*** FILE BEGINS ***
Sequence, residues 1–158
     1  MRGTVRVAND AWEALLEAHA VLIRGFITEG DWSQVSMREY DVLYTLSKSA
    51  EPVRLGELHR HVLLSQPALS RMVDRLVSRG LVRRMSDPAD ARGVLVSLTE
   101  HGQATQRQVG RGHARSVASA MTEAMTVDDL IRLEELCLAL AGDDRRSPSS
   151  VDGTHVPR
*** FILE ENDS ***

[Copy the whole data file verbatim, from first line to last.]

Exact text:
Sequence, residues 1–158
     1  MRGTVRVAND AWEALLEAHA VLIRGFITEG DWSQVSMREY DVLYTLSKSA
    51  EPVRLGELHR HVLLSQPALS RMVDRLVSRG LVRRMSDPAD ARGVLVSLTE
   101  HGQATQRQVG RGHARSVASA MTEAMTVDDL IRLEELCLAL AGDDRRSPSS
   151  VDGTHVPR